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Breastfeeding vs. Formula Feeding

Of all the battles in the "mommy wars," none may be more fiercely fought than breast vs. formula.

If you breastfeed your baby, you may catch flack for nursing in public. If you formula feed, you may be scolded that you're not feeding your baby "nature's perfect food" -- breast milk.

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Welcome to mommy guilt. No matter what you decide, other people will surely have an opinion. Only one thing really matters: Which choice is right for you?

Breastfeeding

The American Academy of Pediatrics (AAP) recommends breast milk as the best nutrition for infants. Babies should be breastfed exclusively for the first six months, according to the AAP. After other foods have been introduced, the AAP encourages mothers to continue to breastfeed until baby is at least a year old, and as long after that as both mother and child are willing.

Breast milk is good for your baby in many ways:

  • It provides natural antibodies that help your baby resist illnesses, such as ear infections.
  • It's usually more easily digested than formula. So breastfed babies are often less constipated and gassy.
  • It may lower the risk of sudden infant death syndrome in the first year of your baby's life.
  • It may raise your child's intelligence. Studies show breastfed babies have higher levels of cognitive function.
  • Breast milk may even help your child in later years, by reducing the risk of being overweight, and of developing asthma, type 1 and type 2 diabetes, high cholesterol, Hodgkin's disease, leukemia, and lymphoma.

Breastfeeding is good for moms, too. Women who breastfeed have a reduced risk of breast cancer, diabetes, heart disease, osteoporosis, and ovarian cancer.

But let's not forget a key reason many new moms want to breastfeed. It's a wonderful bonding experience with your baby.

Formula Feeding

Formula feeding is also a healthy choice for babies. If you use a formula, your baby will get the best possible alternative to breast milk. (You should not attempt to make your own formula or feed an infant cow's milk.)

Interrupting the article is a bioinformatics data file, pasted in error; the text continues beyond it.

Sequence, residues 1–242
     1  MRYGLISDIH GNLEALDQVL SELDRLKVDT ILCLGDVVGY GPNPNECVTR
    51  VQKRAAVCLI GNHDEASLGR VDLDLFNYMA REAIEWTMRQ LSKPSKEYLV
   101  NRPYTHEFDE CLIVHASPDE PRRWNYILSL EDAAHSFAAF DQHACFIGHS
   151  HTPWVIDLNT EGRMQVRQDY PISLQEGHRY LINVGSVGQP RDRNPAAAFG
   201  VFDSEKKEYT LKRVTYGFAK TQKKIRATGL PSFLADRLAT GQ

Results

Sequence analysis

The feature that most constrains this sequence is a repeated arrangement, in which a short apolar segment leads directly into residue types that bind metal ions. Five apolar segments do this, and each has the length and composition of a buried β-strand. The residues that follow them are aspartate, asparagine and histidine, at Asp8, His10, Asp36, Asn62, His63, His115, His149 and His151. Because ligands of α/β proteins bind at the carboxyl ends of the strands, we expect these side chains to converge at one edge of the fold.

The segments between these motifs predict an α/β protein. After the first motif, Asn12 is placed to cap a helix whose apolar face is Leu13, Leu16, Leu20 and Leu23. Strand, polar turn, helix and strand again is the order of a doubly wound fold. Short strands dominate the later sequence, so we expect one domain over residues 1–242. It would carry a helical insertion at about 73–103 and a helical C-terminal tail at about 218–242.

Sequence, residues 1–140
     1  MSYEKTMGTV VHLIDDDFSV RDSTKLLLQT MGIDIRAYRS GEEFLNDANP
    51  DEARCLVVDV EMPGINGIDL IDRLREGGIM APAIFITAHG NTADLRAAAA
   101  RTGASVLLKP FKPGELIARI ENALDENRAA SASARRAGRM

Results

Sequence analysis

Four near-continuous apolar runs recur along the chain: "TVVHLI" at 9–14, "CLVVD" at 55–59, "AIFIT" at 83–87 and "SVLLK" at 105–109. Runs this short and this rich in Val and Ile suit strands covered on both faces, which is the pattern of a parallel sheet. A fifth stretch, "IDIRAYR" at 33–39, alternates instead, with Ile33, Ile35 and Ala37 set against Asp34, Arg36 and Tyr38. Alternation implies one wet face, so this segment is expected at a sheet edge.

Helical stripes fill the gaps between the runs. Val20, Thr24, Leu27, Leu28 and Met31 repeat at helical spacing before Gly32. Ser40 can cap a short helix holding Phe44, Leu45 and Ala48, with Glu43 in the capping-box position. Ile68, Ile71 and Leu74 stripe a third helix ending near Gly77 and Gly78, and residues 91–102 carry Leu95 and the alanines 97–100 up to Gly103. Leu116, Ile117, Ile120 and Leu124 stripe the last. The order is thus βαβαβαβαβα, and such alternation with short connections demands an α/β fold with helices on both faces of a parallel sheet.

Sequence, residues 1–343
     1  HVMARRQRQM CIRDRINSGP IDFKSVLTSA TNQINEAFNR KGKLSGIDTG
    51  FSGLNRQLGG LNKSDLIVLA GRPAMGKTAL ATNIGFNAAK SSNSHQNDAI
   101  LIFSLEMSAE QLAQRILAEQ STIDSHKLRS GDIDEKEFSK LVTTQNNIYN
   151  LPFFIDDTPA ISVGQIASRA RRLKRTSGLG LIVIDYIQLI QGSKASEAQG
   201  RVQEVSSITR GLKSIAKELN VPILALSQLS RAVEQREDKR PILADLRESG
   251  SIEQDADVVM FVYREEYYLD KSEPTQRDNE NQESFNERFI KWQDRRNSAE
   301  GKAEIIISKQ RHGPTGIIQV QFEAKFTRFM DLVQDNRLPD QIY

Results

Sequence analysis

Many moms choose formula for a variety of reasons:

  • It's convenient. Formula-fed babies can be fed by anyone at any time.
  • It's flexible. You don't have to fit pumping into your work schedule. Instead, you can simply leave formula for your babysitter or day care center.
  • Your partner can help out with nighttime feedings and share that bonding experience with your baby.
  • Scheduling feedings may be easier. Formula isn't digested as quickly as breast milk, so formula-fed babies don't need to eat as often, especially in the first few months.
  • You don't have to worry about what you eat. Moms who breastfeed may have to avoid certain foods that her baby can't tolerate.
  • You can have a glass of wine or a cocktail once in a while. Alcohol is a no-no for women who breastfeed because they pass on tiny amounts of it to their babies. 

Whichever way you choose to feed your baby -- breast milk, formula, or a combination of both -- the most important thing is that your baby is well fed, well cared for, and loved. So ditch the mommy guilt!

WebMD Medical Reference

Reviewed by Nivin Todd, MD, FACOG on May 24, 2012

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